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The Rule-Breaking Maestro Behind Noir’s Trademark Sound

Features

Jun 1, 2022

There I was, sitting in a pie shop at the corner of Franklin and Vermont in Hollywood, a street corner that plays a small role in Double Indemnity. In that 1944 noir classic, a wily insurance agent finds the teenage daughter of the man he’s about to murder sitting in his car, and she asks him for a lift to this very intersection—on the pretense of going roller skating with her friend Anne Matthews, but really to meet her hotheaded boyfriend, Nino Zachette. I thought maybe sitting in the presence of their ghosts would help me write about the film’s score by Miklós Rózsa—a dance of death and fatalism that helped codify an entire genre. Rózsa was the musical counterpart to Billy Wilder, Raymond Chandler, and James M. Cain, the film’s writers, and Double Indemnity the ur–noir score.

Like the Dictaphone confession of Walter Neff (Fred MacMurray), the film’s antihero, Rózsa announces the fate of the character right from the jump, a tolling death sentence for French horns and timpani. We may not know who this silhouetted man on crutches is yet, but the score tells us he’s hobbling to his doom. Sure enough, by the end of the story Neff will end up collapsing on the office floor with a bleeding hole in his heart left by Phyllis Dietrichson—one of cinema’s foundational femme fatales, played by an ice-cold Barbara Stanwyck.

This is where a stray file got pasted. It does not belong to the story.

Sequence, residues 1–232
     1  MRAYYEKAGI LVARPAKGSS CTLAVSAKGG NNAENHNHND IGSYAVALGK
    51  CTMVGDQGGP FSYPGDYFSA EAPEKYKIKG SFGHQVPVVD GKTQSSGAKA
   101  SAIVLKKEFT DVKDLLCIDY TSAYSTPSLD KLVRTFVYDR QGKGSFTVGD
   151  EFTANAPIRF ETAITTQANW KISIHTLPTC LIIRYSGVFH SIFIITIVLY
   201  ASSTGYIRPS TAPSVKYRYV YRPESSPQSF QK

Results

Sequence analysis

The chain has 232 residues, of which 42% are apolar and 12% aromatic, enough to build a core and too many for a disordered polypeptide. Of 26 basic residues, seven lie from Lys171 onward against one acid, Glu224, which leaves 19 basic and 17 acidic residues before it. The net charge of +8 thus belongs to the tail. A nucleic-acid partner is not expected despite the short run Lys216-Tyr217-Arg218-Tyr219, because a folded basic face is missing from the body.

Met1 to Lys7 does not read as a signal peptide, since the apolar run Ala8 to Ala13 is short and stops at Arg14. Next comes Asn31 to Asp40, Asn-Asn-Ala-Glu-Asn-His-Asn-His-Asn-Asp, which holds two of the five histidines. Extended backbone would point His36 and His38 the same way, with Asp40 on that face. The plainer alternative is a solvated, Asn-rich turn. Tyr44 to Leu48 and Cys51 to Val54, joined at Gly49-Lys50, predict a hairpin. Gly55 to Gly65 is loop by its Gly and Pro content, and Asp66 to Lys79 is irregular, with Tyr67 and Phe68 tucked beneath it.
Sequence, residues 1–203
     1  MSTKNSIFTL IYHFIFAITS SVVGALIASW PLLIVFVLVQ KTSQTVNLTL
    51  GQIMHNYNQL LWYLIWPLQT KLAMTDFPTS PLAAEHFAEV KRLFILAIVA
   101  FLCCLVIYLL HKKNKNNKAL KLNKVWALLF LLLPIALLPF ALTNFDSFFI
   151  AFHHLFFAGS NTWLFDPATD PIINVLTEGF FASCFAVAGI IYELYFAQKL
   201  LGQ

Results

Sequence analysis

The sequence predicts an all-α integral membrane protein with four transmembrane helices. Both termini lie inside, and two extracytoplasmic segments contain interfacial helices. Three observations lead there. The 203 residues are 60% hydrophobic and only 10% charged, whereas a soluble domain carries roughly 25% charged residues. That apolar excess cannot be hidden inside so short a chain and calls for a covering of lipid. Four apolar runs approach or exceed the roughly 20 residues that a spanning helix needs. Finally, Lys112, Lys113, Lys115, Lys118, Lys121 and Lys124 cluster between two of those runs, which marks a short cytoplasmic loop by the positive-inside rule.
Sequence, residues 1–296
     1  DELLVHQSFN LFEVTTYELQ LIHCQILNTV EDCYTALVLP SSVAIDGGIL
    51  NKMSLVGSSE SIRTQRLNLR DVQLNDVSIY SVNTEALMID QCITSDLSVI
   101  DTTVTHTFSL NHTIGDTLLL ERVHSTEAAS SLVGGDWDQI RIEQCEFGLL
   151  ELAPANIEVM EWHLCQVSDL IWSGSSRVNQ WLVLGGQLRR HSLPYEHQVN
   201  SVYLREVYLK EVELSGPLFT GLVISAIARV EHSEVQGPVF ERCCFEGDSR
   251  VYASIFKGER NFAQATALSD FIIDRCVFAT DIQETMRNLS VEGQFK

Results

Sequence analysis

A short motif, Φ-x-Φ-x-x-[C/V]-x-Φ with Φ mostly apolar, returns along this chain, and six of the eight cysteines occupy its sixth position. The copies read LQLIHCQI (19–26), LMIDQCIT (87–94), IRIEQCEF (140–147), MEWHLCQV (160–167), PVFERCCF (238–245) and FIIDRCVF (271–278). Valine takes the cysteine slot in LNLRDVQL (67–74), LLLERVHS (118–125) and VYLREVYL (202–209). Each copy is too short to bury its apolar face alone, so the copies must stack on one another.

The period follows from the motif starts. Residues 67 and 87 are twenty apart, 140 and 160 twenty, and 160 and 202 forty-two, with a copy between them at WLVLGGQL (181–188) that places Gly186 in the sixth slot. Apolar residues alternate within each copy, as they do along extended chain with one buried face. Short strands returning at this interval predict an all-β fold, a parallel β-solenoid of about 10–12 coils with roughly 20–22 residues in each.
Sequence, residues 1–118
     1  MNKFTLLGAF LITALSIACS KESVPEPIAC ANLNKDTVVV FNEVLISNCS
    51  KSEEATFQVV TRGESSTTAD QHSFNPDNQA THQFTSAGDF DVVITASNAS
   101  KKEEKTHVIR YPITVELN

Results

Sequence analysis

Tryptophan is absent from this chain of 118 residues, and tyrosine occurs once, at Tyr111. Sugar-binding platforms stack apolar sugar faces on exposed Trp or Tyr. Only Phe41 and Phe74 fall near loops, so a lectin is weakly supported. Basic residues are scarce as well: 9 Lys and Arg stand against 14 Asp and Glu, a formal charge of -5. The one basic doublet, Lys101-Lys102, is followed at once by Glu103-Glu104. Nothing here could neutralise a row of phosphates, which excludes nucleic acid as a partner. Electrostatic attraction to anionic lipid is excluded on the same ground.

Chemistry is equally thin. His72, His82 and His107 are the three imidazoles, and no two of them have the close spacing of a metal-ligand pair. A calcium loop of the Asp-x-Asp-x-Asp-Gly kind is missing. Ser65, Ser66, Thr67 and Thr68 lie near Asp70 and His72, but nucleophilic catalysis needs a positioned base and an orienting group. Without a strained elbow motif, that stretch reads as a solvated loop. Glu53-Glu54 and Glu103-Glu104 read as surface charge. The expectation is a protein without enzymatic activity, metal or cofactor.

Director Wilder had achieved a high-water mark in film noir, a genre that the French critic Nino Frank heralded as “a new type of crime film coming out of Hollywood.” In his influential 1946 essay, Frank was specifically referring to this film and The Maltese Falcon (1941), and the catchy term came to absorb a suite of tropes: the hard-boiled detective, the Venus man trap, the seedy underbelly of American cities as seen through slatted blinds and illuminated by blinking neon. The big wave of noirs came after World War II, but the war was still raging when Wilder made Double Indemnity in the fall of 1943. By then, the Austrian director had already seen enough horror to undermine his faith in humanity, and though he didn’t know it yet, his mother and grandmother were both victims at Auschwitz. As film historian Foster Hirsch noted: “The best noir directors were German or Austrian expatriates who shared a world view that was shaped by their bitter personal experiences of . . . escaping from a nation that had lost its mind.”

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